And then I wonder if we’re engaging with the powers that influence the atrocities, greed, and inhumanity to man or are we too busy interceding for Aunt Sophie’s foot surgery and Uncle Orville’s toothache? Just wondering.

The best prayers are those that begin in the heart of God. He shows us how to pray about a certain matter, we do so, and when he answers we praise him! Prayer then is a partnership, a collaborative conquest over hell and for the release of heaven. So, yes, let’s pray.

Lastly, prayer is where we begin, but not where we end––not by a long shot!


God is in control! Amen! So, we must pray for him to intervene. Amen and amen! But then what? He does often intervene, but in addition to prayer we have the responsibility to interfere with the black hole of inhumanity to man. Someone said, “If I pray for God to move a mountain, I must be prepared to wake up next to a shovel!”

Those who know me are aware that I’ve never been nearly so vocal about politics and politicians as I have been for the last year. I admit that a certain candidate, who will remain anonymous, if not infamous, suckered me into this. I simply couldn’t, in good conscience, stay out the fray, especially since so many of my brothers and sisters have ridden the T. Train through the campaign season.

Okay, so whether or not you agree with my assessment of this particular individual’s suitability for public service, please hear me out about our responsibility to do more than pray and sit back and wait for God to do his sovereign thing. Prayer doesn’t let us off the hook. It usually sets the hook (God’s hook) firmly in our mouths.

I’m glad that Lincoln and Wilberforce did more than pray about the abolition of slavery. I’m glad that Martin Luther King did more than pray about civil rights for Black Americans. I’m glad that Billy Graham did more than pray for people to come to Jesus!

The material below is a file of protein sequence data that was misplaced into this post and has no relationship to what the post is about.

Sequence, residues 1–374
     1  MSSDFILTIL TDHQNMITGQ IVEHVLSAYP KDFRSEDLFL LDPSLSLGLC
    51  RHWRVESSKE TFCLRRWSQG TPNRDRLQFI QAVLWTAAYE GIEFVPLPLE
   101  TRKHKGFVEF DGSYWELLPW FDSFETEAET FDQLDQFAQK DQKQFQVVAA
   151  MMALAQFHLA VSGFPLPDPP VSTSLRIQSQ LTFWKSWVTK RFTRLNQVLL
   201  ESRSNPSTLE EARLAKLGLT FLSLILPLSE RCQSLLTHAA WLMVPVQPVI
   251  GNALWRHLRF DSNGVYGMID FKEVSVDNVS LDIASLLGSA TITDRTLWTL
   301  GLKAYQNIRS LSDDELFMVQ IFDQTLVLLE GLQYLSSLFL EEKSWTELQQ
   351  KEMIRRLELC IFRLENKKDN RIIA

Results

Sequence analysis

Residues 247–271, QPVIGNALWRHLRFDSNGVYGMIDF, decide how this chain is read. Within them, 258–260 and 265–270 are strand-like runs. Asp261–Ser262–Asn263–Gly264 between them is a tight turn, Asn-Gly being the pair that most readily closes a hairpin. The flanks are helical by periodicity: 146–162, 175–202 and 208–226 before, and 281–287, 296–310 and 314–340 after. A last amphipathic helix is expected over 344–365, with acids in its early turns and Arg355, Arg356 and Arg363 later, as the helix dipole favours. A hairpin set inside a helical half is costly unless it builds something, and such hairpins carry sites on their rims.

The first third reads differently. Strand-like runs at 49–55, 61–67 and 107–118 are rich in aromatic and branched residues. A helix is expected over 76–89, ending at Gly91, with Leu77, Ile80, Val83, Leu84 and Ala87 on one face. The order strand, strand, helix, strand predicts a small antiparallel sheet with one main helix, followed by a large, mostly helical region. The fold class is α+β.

We have to do more than pray that God will intervene. Empowered by the truth and by his presence we have to interfere with the world’s destructive direction. We who possess heavenly “firepower” must interfere––at the polls, with our pens (well, computing devices), and with our petitions. In addition to our prayer petitions sent to the Lawgiver we must utilize our right to petition our lawmakers, if not through letters and peaceful protest, at the very least, through the vote.

“We must always take sides. Neutrality helps the oppressor, never the victim. Silence encourages the tormentor, never the tormented. Sometimes we must interfere.” Holocaust survivor and Nobel Laureate Elie Wiesel

PS If you haven’t already, please consider getting my book, The Other End of the Dark. The profits go to Freedom House, a safe haven and therapeutic environment for women and girls who have survived commercial sexual exploitation. Supporting their work is one simple way to protest against the horrific injustice of human trafficking.

A Comic, a Candidate, and a Few Bad Cops

What Do They Have in Common?

oppression“Do unto those downstream as you would have those upstream do unto you.” Wendell Berry

The righteous care about justice for the poor, but the wicked have no such concern. Proverbs 29:7

I offer these brief thoughts as sort of an addendum to my previous posts called,What Should We Do?” wherein I talked about the kingdom way of using wealth, leverage, and power. Here I’d like to use the actions of a comic, a candidate, and a few bad cops who have used these for bad instead of good.

The comedian to whom I refer is Bill Cosby, the cops are those who shoot first and ask questions later, and you might guess the identity of the candidate. I’m aware that Cosby hasn’t been conclusively proven guilty of numerous aggravated sexual assaults in a court of law. I know that many of the cases in which cops have been implicated of police brutality and murder are still pending. Let’s assume for argument’s sake that there is some truth to the accusations of guilt in at least some of these cases. Continue reading